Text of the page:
A precocious new talent is revealed in the gritty, rather too self-consciously “cool” debut film of Niels Arden Oplev. “Portland” is violent, nihilistic and often repellent, and yet its bold visuals and unexpected elements of humor andromance make it riveting viewing. Young audiences may respond, but their parents probably won’t be so impressed, creating a tough sell on the arthouse circuit in many territories.
Oplev seems under the influence of Lars Von Trier, whose Zentropa Entertainments outfit produced. Pic is distinguished by a rich visual texture in which exteriors are apparently filmed on high-contrast, grainy black-and-white film stock, which has then been tinted a livid orange. Interior scenes are presented in normal full color, although whenever a view can be seen through a window, this, too, gets the grainy orange effect.
Perhaps influenced by Chris Marker’s seminal short film “La Jetee,” which just once broke its own style of using only still photographs, there’s one fleeting moment here, too, when an exterior scene is shown in full color — a moment when three principal characters are, briefly, happy.
The film’s protagonists are a bunch of antisocial thugs who deal in drugs. Janus comes out of prison and is met by his younger brother, Jakob, a refugee from a reform school; Janus immediately steals a car and heads for the Cafe Teuton where gang leader Lasse assigns him work and offers a place to stay — in the apartment occupied by Lasse’s sister, Eva.
This “work” involves intimidating the elderly and sick inhabitants of housing projects to order subscription drugs through the medical health service; these are then handed on to couriers from Lasse’s gang and sold on the streets. Janus and Jakob become couriers.
There’s not much more to the plot. Janus and Eva becomes lovers, but when she tells him she loves him, he viciously beats her up; this triggers a response from Lasse, whose goons give Janus an equally vicious beating. With the record straight again, Janus and Eva resume their relationship and eventually, in a bizarre sequence typical of Oplev’s humorous approach, celebrate a white wedding with all the trimmings, though both are noticeably scarred and bruised.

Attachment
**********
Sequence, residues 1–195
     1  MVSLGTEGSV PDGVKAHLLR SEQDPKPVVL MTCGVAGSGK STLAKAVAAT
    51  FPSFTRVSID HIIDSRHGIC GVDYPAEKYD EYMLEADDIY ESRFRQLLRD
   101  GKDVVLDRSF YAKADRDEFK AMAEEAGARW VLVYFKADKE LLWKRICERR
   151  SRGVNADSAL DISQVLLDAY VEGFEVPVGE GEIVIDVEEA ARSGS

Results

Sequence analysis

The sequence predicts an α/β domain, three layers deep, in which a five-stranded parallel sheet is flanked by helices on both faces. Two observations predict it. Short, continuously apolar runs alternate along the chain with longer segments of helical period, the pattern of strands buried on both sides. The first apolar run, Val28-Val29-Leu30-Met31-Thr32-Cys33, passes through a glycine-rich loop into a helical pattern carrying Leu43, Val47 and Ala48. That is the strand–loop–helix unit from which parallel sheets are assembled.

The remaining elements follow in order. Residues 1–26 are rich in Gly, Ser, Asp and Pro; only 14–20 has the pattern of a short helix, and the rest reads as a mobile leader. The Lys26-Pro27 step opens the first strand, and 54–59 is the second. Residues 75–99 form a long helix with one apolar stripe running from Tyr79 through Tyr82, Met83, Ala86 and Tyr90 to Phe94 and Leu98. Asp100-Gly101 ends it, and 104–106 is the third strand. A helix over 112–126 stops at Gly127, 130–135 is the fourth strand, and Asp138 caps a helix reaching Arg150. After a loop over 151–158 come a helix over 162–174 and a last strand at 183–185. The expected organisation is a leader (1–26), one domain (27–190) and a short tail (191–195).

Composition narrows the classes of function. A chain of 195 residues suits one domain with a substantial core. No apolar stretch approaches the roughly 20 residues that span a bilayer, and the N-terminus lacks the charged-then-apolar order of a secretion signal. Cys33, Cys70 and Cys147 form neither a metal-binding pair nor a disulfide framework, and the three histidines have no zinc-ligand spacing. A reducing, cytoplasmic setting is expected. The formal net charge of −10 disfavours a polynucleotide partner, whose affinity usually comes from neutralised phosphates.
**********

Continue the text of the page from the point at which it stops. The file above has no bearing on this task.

Young Jakob, meanwhile, after dallying with a couple of lively girls named Irene and Minna, who give him a lift in their car and who are dressed in cowgirl gear, becomes alienated from his brother and, after being sensitive and nervous for most of the film, starts acting tough.
As a director, Oplev shows he has talent: His mixture of moods works well, he gets strong performances from most cast members, and he pushes the narrative along at an urgent pace. His sense of humor is a major asset, not only in scenes like the one with Jakob and the cowgirls, but also in details — the pet lizard owned by one thug, for example, and some very flip dialogue.
But as a writer, he’s less successful; it’s surely not enough these days for Janus to blame his lifestyle on a lack of mother’s love (which he does) or to have characters utter corny lines like “It’s us against the world.” There’s also far too much unmotivated violence (Janus assaulting a shopping mall security guard is a totally unnecessary sequence) and a few cheap and obvious jokes at the expense of authority figures.
Music by Sons of Cain gives the film a soundtrack to boost marketing opportunities, and, on a technical level, everything about “Portland” is first-class. Best performance comes from Anders Wodskou Berthelsen as the pill-popping Janus.
The title remains unexplained; perhaps it’s a reference to the home town of Gus Van Sant, but it’s also a Danish brand name for cement.